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The impact of aging on the spatial accuracy of quick corrective arm movements in response to sudden target displacement during reaching.

Kimura D, Kadota K, Kinoshita H - Front Aging Neurosci (2015)

Bottom Line: Results showed that, for the younger group, the variance in the directional error of the corrective response correlated with the variance in the reaching trajectory at the halfway point of the reach, but the correlation decreased at the end of the reaching.On the other hand, such correlations were not significant in elderly participants, although the variance of the directional error did not show a significant difference between age groups.Thus, the quick, corrective response seems to play an important role in decreasing variability, especially before the end of reaching, and aging can impair this process.

View Article: PubMed Central - PubMed

Affiliation: Biomechanics and Motor Control Laboratory, Graduate School of Medicine, Osaka University Toyonaka, Japan.

ABSTRACT
Age-related declines in visuomotor processing speed can have a large impact on motor performance in elderly individuals. Contrary to previous findings, however, recent studies revealed that elderly individuals are able to quickly react to displacement of a visual target during reaching. Here, we investigated the influence of aging on quick, corrective responses to perturbations during reaching in the terms of their functional contribution to accuracy. Elderly and young adults performed reaching movements to a visual target that could be displaced during reaching, and they were requested to move their hand to reach the final target location as quickly as possible. Results showed that, for the younger group, the variance in the directional error of the corrective response correlated with the variance in the reaching trajectory at the halfway point of the reach, but the correlation decreased at the end of the reaching. On the other hand, such correlations were not significant in elderly participants, although the variance of the directional error did not show a significant difference between age groups. Thus, the quick, corrective response seems to play an important role in decreasing variability, especially before the end of reaching, and aging can impair this process.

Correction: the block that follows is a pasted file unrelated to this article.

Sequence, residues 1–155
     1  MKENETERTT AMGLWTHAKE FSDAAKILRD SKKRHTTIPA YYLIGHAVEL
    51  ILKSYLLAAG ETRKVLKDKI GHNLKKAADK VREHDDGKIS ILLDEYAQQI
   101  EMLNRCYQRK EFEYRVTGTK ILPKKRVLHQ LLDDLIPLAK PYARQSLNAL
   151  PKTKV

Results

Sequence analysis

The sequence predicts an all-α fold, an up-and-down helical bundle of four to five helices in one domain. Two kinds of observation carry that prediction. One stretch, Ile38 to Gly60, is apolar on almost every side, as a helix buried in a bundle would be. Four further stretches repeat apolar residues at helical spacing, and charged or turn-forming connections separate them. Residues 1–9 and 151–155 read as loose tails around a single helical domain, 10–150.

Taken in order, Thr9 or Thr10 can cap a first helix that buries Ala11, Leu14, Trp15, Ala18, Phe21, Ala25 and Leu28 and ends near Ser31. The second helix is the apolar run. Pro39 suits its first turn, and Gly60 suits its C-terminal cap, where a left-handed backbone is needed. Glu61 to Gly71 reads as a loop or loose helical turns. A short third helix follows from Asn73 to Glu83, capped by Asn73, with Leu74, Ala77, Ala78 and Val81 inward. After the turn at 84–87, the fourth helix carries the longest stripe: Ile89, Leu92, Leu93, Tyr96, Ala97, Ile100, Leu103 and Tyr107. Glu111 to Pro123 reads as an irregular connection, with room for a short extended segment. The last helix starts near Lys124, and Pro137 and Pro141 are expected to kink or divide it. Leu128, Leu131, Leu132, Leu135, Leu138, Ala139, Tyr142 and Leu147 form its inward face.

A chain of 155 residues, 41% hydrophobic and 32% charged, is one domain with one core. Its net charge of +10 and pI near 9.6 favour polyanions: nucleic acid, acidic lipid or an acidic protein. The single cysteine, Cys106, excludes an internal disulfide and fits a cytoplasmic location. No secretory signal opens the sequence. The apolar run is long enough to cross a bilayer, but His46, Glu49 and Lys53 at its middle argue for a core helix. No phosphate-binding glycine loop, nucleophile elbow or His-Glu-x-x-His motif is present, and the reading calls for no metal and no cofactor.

No MeSH data available.


Typical examples of mean reaching trajectories during the pro-task (A,B) and anti-task (C,D) performed by young (A,C) and elderly (B,D) participants. Squares and triangles indicate the starting hand position and the mean hand position at the moment of target displacement, respectively. Red triangles indicate TJR onset, and filled, black triangles indicate peak TJR time. Circles represent endpoints in the pro-task for each target displacement direction.
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Figure 2: Typical examples of mean reaching trajectories during the pro-task (A,B) and anti-task (C,D) performed by young (A,C) and elderly (B,D) participants. Squares and triangles indicate the starting hand position and the mean hand position at the moment of target displacement, respectively. Red triangles indicate TJR onset, and filled, black triangles indicate peak TJR time. Circles represent endpoints in the pro-task for each target displacement direction.

Mentions: Figure 2 shows representative mean reaching trajectories during the pro- and anti-tasks performed by young and elderly participants. For the TJR trials, the corrective reaching movement of the finger during the pro-task commonly occurred relatively close to the screen (Figures 2A,B). During the anti-task, the hand first moved towards the opposite side and then switched direction; thus, the corrective reaching movement occurred even closer to the screen compared to the pro-task (Figures 2C,D). For any of these trajectories, the early part of the TJR was hardly discernible due to a small magnitude. Furthermore, differences between young and elderly participants regarding reaching trajectories were not evident.